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Jackie Robinson 50th Anniversary Commemorative: Breaking

A look at the life of Jackie Robinson:

March 31, 1997

"A life is not important except in the impact it has on other lives."

--Jackie Robinson


Jan. 31, 1919--Jackie Robinson is born in Cairo, Ga., the fifth child of Mrs. Mallie Robinson, daughter of a slave. A year later, his father deserted the family and the mother and five children moved to Pasadena.

1936--By his senior year at Muir High, has starred and lettered in football, basketball, baseball and track.

1937-39--At Pasadena Junior College, he again letters in those four sports, setting the national JC record in the long jump.

1939-41--The first four-sport letterman at UCLA, he is the national long jump champion in 1940 and the basketball team's leading scorer both seasons.

March 18, 1942--Robinson works out for White Sox Manager Jimmy Dykes in Pasadena. Dykes says "He's worth $50,000 of any owner's money." The White Sox make no offer.

1945--Bats .387 for the Kansas City Monarchs of the Negro leagues after three years in the Army.

April 16, 1945--Robinson tries out for the Boston Red Sox at Fenway Park. No offer.

Oct. 23, 1945--Dodger owner Branch Rickey announces he has signed Robinson to play with the Dodgers' Montreal farm team.

1946--In spring training, the Dodgers take Robinson to Jacksonville to play an exhibition. The game is called off soon after they arrive because "the lights in the stadium aren't working." The game was scheduled to begin at noon.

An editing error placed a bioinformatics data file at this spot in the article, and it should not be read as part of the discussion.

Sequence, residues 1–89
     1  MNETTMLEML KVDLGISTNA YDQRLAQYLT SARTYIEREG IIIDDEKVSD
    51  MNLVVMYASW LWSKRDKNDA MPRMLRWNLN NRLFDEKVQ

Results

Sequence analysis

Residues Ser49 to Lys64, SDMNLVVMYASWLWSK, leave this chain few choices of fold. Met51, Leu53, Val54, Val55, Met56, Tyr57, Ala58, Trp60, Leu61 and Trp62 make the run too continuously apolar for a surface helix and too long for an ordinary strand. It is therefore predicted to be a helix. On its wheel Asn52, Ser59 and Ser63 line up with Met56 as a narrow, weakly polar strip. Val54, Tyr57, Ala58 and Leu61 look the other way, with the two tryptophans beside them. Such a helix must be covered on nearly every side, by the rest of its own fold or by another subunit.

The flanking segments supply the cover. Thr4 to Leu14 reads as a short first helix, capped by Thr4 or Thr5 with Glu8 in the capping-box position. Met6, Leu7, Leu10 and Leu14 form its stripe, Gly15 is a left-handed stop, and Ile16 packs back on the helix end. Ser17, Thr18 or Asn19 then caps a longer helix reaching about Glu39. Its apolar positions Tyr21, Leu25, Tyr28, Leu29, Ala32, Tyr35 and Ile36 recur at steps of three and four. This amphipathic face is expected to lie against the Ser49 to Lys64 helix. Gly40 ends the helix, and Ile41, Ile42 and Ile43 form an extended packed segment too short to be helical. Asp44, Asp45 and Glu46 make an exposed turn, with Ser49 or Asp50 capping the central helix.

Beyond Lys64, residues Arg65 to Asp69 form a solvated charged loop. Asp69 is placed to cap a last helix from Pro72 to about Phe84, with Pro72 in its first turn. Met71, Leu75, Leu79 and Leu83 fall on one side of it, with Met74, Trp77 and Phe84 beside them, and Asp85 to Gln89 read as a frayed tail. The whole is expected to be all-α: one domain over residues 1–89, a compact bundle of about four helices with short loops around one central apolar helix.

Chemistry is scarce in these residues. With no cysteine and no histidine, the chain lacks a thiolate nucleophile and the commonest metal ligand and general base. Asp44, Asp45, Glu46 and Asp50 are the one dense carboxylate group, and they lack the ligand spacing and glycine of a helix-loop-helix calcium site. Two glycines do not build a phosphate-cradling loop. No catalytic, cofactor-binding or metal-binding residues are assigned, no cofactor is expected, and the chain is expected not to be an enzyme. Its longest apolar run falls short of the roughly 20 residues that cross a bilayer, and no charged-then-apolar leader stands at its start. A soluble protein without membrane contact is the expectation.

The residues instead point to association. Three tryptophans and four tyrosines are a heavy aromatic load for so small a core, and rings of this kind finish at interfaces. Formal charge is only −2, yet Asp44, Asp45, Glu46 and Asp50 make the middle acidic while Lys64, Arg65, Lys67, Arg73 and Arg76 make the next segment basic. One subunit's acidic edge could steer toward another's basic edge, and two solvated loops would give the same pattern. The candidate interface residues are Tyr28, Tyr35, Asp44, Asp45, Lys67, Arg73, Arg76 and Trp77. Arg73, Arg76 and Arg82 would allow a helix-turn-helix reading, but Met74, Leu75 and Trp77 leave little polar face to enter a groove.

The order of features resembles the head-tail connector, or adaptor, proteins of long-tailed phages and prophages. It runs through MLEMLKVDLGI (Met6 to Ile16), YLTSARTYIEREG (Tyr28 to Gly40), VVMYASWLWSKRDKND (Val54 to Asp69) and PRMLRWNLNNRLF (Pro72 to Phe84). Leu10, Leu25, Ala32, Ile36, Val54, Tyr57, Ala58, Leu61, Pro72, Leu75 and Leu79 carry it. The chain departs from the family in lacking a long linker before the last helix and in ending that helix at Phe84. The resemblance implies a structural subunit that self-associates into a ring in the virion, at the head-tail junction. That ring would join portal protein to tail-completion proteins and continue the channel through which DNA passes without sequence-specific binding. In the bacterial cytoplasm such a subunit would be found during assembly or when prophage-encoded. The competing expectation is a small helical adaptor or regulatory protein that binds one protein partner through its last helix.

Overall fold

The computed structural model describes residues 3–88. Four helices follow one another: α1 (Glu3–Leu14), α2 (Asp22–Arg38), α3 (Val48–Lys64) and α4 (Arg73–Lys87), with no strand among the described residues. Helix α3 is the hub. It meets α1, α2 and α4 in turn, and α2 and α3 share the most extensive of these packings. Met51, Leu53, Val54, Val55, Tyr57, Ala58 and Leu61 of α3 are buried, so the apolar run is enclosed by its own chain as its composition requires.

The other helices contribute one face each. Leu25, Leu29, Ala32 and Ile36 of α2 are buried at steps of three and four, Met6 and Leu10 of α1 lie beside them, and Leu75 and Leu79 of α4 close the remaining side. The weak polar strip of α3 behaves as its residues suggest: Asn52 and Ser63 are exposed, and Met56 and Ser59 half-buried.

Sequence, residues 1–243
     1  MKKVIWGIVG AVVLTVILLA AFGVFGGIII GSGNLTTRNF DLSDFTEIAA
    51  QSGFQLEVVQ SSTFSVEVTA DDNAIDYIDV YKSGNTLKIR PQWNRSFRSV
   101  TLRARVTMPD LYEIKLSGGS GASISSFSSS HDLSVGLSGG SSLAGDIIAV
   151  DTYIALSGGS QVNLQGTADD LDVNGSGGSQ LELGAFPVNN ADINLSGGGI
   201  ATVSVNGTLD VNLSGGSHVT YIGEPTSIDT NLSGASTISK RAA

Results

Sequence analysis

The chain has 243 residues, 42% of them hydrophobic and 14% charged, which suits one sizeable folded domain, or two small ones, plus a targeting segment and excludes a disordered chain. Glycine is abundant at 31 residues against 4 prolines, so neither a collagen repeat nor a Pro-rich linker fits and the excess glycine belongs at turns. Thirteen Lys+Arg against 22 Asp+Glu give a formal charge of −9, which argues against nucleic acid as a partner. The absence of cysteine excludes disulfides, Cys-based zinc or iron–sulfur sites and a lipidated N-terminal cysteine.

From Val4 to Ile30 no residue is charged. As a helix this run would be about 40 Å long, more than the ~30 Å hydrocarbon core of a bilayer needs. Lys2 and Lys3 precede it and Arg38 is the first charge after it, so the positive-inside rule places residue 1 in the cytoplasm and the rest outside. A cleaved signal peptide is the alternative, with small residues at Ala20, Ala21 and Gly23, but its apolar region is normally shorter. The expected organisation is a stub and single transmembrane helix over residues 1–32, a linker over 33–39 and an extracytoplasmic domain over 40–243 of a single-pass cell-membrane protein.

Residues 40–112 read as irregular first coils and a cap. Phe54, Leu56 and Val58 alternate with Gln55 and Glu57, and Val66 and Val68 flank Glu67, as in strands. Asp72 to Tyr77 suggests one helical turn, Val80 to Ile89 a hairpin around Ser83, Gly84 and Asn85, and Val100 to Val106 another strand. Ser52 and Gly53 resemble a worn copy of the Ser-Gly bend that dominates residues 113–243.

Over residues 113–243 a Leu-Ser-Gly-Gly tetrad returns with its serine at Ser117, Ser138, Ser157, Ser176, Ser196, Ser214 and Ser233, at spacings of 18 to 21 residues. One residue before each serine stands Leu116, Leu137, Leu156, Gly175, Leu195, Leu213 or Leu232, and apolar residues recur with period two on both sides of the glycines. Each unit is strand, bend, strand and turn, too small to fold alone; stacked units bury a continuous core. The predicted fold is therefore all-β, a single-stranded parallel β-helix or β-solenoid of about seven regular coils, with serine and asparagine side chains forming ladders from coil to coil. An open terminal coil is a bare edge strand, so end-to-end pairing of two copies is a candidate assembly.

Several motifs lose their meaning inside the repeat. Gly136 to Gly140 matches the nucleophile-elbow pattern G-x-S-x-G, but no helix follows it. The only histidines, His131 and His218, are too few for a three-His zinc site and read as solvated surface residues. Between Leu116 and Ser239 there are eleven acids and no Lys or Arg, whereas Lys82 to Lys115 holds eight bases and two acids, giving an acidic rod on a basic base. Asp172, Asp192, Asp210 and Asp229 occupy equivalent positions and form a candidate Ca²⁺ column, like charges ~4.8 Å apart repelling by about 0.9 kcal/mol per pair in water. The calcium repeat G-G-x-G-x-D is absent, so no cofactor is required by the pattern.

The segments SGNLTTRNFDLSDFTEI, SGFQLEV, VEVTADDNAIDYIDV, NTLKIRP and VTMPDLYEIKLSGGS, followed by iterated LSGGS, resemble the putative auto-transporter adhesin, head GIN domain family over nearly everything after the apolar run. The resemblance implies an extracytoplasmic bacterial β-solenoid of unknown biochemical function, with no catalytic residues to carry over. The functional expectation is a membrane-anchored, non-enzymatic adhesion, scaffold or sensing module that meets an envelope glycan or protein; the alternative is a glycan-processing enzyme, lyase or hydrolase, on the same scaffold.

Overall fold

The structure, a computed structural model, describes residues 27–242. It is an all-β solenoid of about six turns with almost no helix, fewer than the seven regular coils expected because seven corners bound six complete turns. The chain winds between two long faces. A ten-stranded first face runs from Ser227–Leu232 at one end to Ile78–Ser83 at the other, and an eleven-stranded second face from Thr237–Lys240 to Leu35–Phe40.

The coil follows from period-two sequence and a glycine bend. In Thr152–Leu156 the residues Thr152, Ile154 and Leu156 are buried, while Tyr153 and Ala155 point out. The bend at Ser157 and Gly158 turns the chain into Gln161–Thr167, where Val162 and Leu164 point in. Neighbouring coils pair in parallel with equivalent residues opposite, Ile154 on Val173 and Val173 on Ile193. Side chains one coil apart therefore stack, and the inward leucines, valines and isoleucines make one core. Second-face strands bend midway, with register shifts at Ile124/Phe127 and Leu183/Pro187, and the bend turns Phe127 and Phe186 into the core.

Feb. 10, 1946--Marries the former Rachel Isum.

April 18, 1946--Robinson plays for the Montreal Royals, the first black to play in modern organized baseball. He bats .349, with 113 runs and 40 stolen bases. The Royals draw a club-record 412,744 at home and 399,047 on the road.

March 9, 1947--In Panama for an exhibition game, several Dodgers draw up a petition protesting Robinson's presence. Manager Leo Durocher tells his players: "I don't care if the guy is yellow or black. I'm the manager of this team and I say he plays. I say he can make us rich. And if any of you can't use the money, I'll see that you're traded." Among those who refuse to support the petition are Pete Reiser and Pee Wee Reese, who goes on to become one of Robinson's biggest supporters on the team.

April 10, 1947--Rickey distributes a statement to the press: "The Brooklyn Dodgers today purchased the contract of Jackie Roosevelt Robinson from the Montreal Royals. He will report immediately."

April 15, 1947--25,623 fans (an estimated 14,000 black), come to Ebbets Field in Brooklyn to see Jackie Robinson make his debut with the Brooklyn Dodgers. With the Dodgers trailing the Boston Braves, 3-2, in the seventh inning and a runner on, Robinson sacrifices and is safe on Earl Torgeson's wild throw. He scores the go-ahead run on Reiser's double. The Dodgers win, 5-3.


On April 15 in New York's Shea Stadium, 50 years to the day after Jackie Robinson broke baseball's color barrier, there will be a range of festivities before the game between the Mets and Dodgers. President Clinton is among those who will attend.

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